PCOS & The Pill

The oral contraceptive pill is often prescribed to PCOS patients who are not looking to get pregnant (now or ever).

The pill is prescribed for a few reasons which include:

  • lower testosterone levels
  • improved acne
  • decreased risk of endometrial hyperplasia and endometrial cancer i.e. uncontrolled growth of the uterine lining that can happen when periods go missing
  • improved heavy bleeding
  • providing contraception (especially if your periods are irregular and you’re not wanting to get pregnant)

pink background with a pouch spilling a blister pack of oral contraceptive pill. White tablets are scattered on the pink background as well.

There are risks involved with taking the pill, like a slightly increased risk of blood clots and slightly increased risk of breast cancer.

However, when it comes to health, we always need to do a risk-benefit assessment on an individual basis and move forward from there. Where you are in life, what your values are, what capacity you have to invest time and money into your health, where your health is at, what your goals are, which options are presented to you, how your options are presented to you, who’s on your healthcare team, your base knowledge, your geography, your family and culture, and other factors determine the health decisions you make.

Even though I cannot prescribe the pill, I always talk about this treatment option for PCOS patients because that’s my job: to lay out options and information and help you select the one that works for you. This is patient-centred care and your decision is not set in stone — it can be re-evaluated whenever you’d like. Some patients choose the pill or continue to use the pill if they’ve been on it because the peace of mind they get from contraception and improvement in other symptoms is worth it for them. Some patients don’t feel well on the pill or simply don’t want to be on the pill and we create a different plan for them (which is the majority of my patients). And some of my patients are looking for fertility support so the pill doesn’t really help us there 😉 Anyway, my job is not to judge! It is to support.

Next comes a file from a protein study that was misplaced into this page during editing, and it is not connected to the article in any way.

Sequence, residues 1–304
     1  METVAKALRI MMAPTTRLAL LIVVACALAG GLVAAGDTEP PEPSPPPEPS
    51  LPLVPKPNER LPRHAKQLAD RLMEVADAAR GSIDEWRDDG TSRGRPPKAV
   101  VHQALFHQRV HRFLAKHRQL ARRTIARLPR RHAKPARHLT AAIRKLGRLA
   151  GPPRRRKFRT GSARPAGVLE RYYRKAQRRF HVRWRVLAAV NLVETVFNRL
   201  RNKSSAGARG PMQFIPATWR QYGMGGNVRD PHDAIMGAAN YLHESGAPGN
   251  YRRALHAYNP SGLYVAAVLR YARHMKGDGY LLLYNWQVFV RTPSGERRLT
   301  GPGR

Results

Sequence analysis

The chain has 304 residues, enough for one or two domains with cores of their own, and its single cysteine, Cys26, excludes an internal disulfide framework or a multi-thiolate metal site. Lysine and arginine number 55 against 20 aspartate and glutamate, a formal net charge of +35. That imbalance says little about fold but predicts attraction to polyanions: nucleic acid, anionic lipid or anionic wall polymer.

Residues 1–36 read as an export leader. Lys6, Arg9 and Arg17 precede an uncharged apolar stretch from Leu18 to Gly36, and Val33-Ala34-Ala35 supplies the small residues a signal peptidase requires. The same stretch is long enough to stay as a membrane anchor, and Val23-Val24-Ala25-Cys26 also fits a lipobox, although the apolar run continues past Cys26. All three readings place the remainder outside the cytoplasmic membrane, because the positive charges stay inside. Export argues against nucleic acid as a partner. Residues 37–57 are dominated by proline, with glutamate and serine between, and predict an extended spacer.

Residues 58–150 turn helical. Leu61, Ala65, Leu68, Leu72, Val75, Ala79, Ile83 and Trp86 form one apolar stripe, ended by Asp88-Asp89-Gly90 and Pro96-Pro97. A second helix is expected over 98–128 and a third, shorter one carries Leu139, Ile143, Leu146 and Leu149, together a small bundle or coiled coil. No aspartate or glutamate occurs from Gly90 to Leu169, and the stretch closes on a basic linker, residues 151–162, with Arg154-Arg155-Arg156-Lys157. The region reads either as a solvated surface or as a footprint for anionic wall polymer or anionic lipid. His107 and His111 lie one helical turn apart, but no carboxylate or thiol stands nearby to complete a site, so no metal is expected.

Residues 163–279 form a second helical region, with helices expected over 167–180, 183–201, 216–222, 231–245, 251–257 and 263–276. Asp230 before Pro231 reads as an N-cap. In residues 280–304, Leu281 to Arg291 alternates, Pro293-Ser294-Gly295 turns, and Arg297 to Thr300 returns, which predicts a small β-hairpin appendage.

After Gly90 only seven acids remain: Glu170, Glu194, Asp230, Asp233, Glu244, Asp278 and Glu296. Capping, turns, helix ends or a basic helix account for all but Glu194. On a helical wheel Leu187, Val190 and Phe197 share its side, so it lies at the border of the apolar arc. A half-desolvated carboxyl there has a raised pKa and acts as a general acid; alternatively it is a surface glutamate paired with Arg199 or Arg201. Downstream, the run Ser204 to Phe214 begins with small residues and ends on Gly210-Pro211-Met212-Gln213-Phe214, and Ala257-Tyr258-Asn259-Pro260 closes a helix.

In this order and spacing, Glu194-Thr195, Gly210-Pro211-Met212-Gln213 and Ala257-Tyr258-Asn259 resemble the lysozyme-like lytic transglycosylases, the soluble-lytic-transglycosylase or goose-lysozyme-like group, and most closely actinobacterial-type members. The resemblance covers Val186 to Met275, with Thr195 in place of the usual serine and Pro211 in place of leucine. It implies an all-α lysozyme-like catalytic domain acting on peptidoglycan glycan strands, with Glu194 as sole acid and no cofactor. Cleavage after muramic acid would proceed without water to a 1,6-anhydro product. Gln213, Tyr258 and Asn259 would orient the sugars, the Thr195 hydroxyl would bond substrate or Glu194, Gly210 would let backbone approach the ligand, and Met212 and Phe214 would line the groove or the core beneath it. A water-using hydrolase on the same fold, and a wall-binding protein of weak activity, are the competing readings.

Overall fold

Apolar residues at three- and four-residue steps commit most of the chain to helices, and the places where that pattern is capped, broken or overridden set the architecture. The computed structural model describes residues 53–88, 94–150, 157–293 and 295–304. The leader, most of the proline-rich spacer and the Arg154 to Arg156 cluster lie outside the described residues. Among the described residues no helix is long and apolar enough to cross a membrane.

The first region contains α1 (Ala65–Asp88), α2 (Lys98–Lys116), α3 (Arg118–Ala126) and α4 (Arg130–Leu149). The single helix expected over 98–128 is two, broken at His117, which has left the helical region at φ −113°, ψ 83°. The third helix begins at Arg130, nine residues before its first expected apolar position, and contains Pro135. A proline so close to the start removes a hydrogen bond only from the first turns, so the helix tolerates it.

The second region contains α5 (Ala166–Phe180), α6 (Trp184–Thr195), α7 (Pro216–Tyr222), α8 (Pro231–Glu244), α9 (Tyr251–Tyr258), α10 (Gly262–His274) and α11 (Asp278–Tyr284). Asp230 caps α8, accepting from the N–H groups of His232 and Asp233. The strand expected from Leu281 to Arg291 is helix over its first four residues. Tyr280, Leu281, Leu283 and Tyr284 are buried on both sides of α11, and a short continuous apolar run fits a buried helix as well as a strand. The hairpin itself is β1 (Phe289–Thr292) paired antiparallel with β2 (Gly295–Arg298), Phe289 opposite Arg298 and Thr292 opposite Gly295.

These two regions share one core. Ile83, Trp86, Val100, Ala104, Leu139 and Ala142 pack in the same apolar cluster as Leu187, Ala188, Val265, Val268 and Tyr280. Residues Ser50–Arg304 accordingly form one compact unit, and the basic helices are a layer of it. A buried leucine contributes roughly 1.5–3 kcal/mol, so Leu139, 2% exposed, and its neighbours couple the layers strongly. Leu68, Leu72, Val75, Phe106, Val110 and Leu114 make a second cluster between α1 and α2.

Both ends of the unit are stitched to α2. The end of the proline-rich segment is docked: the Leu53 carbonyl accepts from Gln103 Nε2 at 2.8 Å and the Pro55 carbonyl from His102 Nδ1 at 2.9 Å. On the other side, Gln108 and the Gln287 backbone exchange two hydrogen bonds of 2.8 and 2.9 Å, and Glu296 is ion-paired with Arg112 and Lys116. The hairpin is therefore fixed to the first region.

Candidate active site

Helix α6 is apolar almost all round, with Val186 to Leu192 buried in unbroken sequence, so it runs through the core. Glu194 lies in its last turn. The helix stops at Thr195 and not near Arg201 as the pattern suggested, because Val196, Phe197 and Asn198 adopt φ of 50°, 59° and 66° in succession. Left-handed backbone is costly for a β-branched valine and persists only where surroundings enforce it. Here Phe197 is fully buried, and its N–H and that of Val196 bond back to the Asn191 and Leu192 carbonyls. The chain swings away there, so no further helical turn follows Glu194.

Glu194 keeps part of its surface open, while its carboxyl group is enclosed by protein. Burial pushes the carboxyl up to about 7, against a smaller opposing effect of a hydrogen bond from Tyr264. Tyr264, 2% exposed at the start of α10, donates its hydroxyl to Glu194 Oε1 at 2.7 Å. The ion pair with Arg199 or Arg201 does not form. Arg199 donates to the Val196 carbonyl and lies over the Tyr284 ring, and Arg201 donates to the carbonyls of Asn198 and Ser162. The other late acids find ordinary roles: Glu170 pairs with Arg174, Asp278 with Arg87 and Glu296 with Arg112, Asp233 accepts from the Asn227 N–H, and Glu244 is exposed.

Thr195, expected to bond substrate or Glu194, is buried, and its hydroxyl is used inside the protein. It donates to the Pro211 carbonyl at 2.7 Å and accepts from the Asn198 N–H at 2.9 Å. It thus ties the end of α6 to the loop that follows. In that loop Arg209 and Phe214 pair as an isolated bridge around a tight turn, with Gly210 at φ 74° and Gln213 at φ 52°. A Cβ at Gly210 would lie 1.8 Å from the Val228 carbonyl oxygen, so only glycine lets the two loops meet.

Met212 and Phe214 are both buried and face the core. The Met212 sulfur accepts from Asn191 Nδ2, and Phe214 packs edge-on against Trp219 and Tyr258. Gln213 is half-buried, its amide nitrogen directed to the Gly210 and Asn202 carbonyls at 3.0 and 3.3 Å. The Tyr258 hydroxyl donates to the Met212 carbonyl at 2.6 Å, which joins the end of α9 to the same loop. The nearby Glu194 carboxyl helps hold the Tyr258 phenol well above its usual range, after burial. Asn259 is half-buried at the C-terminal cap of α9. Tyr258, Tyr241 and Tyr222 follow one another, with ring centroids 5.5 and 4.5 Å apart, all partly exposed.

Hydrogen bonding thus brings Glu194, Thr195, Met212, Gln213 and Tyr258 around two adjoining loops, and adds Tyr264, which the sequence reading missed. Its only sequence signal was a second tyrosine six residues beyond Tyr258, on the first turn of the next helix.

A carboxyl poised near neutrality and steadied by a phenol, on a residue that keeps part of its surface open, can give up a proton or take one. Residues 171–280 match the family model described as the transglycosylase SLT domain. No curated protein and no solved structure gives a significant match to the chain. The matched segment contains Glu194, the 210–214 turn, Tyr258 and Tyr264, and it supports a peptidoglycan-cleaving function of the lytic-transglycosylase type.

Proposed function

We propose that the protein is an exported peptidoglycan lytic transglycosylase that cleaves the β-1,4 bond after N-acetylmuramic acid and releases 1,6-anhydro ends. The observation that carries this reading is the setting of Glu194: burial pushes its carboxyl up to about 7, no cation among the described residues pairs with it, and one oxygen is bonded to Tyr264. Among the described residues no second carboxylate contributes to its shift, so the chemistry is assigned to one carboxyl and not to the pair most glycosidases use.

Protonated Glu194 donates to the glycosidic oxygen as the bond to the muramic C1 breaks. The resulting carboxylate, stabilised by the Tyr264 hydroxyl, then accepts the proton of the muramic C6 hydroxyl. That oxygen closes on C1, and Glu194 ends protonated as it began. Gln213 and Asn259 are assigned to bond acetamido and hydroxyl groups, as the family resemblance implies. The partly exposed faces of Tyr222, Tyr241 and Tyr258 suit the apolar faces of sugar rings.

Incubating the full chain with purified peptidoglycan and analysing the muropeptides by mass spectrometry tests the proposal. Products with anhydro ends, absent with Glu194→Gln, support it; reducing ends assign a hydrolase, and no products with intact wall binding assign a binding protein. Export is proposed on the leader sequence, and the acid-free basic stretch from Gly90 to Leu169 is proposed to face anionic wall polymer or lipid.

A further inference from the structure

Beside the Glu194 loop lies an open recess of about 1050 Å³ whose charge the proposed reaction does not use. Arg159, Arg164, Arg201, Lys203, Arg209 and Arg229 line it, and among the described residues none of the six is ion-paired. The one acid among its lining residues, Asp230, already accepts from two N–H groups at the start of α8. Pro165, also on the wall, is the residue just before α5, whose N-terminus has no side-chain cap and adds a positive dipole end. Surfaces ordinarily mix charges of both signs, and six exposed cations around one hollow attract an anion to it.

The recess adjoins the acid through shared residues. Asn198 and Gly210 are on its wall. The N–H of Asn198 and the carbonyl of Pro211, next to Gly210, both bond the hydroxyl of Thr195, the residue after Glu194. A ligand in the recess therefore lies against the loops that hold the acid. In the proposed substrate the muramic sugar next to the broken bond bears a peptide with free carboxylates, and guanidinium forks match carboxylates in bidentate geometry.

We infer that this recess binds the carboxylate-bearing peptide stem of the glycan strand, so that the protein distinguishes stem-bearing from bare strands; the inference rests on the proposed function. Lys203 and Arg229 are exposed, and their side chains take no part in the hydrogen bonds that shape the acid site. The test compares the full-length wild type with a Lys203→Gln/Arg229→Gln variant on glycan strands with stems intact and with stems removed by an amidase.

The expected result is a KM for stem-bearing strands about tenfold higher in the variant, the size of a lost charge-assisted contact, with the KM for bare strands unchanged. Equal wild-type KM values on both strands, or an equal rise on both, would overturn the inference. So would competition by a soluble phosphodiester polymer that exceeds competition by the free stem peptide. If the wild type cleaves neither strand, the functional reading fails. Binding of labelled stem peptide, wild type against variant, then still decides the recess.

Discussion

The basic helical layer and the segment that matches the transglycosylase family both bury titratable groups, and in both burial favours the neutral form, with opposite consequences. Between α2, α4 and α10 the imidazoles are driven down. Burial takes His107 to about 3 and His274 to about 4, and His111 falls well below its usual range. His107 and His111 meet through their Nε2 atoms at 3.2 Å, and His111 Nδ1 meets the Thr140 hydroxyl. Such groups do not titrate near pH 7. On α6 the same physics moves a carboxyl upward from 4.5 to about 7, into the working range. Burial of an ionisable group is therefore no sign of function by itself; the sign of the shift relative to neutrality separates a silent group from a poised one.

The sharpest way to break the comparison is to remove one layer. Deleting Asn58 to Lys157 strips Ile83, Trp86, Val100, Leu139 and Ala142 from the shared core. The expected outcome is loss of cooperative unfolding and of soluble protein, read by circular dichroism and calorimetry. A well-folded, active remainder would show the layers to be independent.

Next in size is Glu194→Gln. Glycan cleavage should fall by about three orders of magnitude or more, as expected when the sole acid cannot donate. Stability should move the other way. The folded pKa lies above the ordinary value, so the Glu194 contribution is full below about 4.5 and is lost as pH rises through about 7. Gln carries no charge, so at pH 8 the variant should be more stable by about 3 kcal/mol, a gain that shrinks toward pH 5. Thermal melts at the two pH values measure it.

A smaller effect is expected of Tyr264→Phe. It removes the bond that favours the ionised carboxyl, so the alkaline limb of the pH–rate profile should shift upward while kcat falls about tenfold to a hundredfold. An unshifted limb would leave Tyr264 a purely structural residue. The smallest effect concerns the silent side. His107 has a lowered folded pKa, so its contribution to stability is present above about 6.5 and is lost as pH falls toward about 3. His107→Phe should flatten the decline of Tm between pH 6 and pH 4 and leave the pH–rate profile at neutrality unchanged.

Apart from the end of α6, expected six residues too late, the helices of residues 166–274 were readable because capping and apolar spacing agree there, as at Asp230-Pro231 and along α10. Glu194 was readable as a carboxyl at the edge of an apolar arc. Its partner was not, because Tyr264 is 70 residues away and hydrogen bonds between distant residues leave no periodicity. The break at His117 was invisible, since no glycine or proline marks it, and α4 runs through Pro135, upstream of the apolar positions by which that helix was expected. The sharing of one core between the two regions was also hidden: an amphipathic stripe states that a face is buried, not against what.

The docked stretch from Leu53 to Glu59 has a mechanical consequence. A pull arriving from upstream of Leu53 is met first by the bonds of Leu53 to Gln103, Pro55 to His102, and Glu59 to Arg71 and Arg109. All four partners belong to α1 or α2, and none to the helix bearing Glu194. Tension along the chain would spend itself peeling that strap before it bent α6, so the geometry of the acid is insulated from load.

Ultimately, the pill doesn’t address the insulin resistance that is often involved in PCOS or the some of the other components we’re understanding more and more with time and research. It also isn’t going to reduce cardiovascular disease risk, so there’s a role for lifestyle medicine regardless of whether  you go on it or not. But it is a tool that can be used if you decide to go that route.